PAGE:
The steel strength of motherhood

People talk about being strong in labour. To grit your teeth through contractions, to push hard, to stay strong.

After which your need for an unbreakable strength does not diminish. You need to get through the sleepless nights, the endless crying, the unexplained colic and sudden vomiting ruining the bedsheets. It takes resolve to keep going. To not break down into a tired heap. In fact often you do break down, but the strength required to get back up and do it all again the next day, is one which supercedes what you had before.

But I was thinking today that the strength a mother must have, doesn’t end there. It doesn’t end in those endlessly consuming physical exertions and stamina tests the first few years of motherhood puts you through. No, in fact the strength you need to nurture in your core, evolves and its need increases.

As your children grow, you need to have the strength to help them become great. What does this mean? What mother doesn’t desire their children to be great? But greatness must be worked for. And how our children attain it, is shaped through what direction we send them in.

Motherhood is like an emotional danger zone. You are trying to do this big job, but the work is so emotionally entwined with your heart that often you don’t know if you are doing what is right, or what you feel you want to be right. It hurts to see them hurt. But this is where we question, what do we want them to be?

It takes strength to not spoon feed them, to not make life easy for them, to not continuously cushion them. You want them to not feel hardship, but without experiencing how to prepare their own food, how to sort out their own clothes, to how to sort out their own problems – how will they ever learn? It requires us to help them to do things the hard way, for them to learn that hard work is part of life.

Muhammad SAW in a hadith advised us that we shouldn’t overeat, as the stomach is the worst vessel to overfill. Yet as parents we can become so concerned with our children being slightly hungry, not filled to their maximum intake, not having a range of tasty foods always to relish. It requires strength to build a practice of eating for sustenance, not overeating regularly. In fact it goes against our very instinct as mothers, and to do so needs strength.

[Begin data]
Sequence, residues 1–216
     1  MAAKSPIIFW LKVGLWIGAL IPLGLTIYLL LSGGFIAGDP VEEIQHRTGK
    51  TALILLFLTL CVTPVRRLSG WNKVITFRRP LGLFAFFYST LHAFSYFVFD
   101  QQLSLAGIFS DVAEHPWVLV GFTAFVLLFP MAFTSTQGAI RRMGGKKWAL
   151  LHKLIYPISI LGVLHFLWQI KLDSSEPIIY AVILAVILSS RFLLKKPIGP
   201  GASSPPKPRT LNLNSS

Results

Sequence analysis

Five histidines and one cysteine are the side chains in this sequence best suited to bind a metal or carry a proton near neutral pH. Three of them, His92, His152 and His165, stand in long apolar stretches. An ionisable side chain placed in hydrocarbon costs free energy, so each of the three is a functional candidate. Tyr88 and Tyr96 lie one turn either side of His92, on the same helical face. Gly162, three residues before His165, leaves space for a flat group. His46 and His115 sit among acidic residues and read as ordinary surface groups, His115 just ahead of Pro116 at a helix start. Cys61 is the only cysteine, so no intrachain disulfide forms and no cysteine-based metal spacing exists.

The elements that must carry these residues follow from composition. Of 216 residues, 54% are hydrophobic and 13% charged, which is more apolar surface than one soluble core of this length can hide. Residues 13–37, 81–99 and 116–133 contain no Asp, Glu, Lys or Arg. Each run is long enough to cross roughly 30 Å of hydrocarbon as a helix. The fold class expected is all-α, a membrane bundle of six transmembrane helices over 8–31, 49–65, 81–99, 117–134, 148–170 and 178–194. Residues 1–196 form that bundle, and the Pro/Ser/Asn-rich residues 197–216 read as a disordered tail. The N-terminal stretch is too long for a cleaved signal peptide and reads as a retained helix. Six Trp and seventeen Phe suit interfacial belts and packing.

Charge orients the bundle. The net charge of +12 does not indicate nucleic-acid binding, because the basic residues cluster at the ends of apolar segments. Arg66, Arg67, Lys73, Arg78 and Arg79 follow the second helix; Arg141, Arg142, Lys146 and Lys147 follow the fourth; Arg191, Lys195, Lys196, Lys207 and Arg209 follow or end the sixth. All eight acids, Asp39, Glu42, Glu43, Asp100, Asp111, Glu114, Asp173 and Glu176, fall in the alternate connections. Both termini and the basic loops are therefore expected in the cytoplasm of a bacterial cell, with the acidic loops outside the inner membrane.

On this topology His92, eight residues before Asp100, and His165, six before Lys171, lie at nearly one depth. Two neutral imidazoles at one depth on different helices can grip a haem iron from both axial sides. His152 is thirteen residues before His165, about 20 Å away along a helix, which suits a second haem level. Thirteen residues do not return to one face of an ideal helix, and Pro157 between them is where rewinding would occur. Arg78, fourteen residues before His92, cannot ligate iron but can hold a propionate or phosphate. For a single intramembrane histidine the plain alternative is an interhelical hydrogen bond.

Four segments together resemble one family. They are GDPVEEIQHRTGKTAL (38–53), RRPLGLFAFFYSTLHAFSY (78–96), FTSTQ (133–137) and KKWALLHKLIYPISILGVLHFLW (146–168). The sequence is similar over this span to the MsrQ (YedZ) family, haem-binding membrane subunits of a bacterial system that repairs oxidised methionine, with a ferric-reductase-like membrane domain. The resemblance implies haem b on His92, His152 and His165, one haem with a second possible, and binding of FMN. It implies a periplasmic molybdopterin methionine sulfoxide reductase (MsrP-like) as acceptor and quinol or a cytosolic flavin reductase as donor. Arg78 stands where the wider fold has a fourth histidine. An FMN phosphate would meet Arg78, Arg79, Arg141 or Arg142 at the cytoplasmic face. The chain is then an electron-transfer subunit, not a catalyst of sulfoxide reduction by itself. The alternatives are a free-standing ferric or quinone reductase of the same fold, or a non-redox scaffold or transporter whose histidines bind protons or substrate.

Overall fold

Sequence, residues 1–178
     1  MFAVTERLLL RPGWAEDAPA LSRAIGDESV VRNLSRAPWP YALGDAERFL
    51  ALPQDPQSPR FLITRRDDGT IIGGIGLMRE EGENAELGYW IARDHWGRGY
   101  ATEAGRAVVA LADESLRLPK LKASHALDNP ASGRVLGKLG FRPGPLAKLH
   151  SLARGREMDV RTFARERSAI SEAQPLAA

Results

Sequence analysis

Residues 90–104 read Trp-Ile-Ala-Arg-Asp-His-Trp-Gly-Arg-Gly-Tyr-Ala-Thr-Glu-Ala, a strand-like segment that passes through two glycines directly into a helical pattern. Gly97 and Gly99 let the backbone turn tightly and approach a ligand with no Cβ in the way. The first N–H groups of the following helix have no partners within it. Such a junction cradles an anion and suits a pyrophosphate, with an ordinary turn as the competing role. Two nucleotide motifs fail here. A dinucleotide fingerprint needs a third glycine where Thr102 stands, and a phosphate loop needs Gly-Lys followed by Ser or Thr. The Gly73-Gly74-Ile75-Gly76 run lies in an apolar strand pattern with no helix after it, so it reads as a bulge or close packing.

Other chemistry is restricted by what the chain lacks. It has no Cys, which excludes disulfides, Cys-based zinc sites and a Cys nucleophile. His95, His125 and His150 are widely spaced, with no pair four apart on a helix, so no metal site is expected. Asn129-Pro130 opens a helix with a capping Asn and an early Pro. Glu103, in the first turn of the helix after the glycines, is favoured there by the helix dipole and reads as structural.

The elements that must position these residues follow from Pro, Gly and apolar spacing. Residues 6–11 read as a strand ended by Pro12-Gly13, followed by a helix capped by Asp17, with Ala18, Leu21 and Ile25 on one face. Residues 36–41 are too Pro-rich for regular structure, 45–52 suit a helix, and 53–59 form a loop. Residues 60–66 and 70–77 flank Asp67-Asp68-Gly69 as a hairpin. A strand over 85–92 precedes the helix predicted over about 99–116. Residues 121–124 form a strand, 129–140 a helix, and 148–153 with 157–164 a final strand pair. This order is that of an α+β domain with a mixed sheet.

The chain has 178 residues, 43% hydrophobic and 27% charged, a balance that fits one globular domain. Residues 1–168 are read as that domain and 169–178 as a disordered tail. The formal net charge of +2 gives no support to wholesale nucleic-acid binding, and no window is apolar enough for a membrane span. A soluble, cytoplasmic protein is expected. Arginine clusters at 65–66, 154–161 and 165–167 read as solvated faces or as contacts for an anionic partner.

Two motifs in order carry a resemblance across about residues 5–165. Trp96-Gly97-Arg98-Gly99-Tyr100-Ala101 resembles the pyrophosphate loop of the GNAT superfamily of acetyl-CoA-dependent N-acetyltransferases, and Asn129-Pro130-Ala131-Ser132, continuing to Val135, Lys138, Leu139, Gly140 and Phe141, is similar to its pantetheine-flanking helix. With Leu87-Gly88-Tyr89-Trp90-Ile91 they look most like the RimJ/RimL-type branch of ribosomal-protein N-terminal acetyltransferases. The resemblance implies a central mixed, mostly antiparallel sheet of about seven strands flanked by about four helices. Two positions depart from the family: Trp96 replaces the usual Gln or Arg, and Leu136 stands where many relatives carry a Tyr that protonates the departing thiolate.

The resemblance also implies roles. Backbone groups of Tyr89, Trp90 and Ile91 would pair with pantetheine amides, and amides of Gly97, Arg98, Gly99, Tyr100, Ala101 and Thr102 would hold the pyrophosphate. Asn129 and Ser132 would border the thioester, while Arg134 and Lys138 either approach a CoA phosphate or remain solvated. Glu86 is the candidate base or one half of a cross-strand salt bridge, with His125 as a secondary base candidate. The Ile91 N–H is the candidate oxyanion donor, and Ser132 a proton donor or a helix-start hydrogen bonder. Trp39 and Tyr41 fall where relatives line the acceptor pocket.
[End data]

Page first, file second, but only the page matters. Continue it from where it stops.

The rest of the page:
Then there is giving them what makes them happy. It’s hard to say no to our children, easy to give them what they want in a time when material is so easily available – if not the new versions of things, ebay and gumtree mean ‘stuff’ is always available. But do we choose to give them what they want always? Is feeding their desire for more and more material what will lead them to greatness? I think there are enough studies available to answer that including the understanding as Muslims we have of this world – that to build a human that isn’t dependant on stuff, is the greatest thing we can do. To say no, needs strength.

And then all the blips, ups downs in behaviour, all the mistakes they will make, all the things they won’t do. It requires strength to keep going, to stay motivated and focussed on continuing to raise them, to fulfil our responsibility towards them.

Finally to raise strong believers requires us to raise people who put others and the deen first, over ourselves. The strength this requires is phenomenal. As you are investing in a human who you desire will invest in everyone else. That might be the most selfless thing you can do.

When Asma bint Abu Bakr’s son came to her for advice on how he should respond to the ruthless ruler of their time, the elderly blind lady displayed this exemplary steel strength that we can only admire. She advised her son to stand up for what was right, what was the truth – even if that jeopardised his own life:

“It’s your affair, ‘Abdullah, and you know yourself better. If however you think that you are right and that you are standing up for the Truth, then persevere …..

If however you desire the world, what a miserable wretch you are. You would have destroyed yourself and you would have destroyed your men.”

What do we learn from this great woman ? Our love for our children, should never cast a dark shadow on our love for the person we want them to become.

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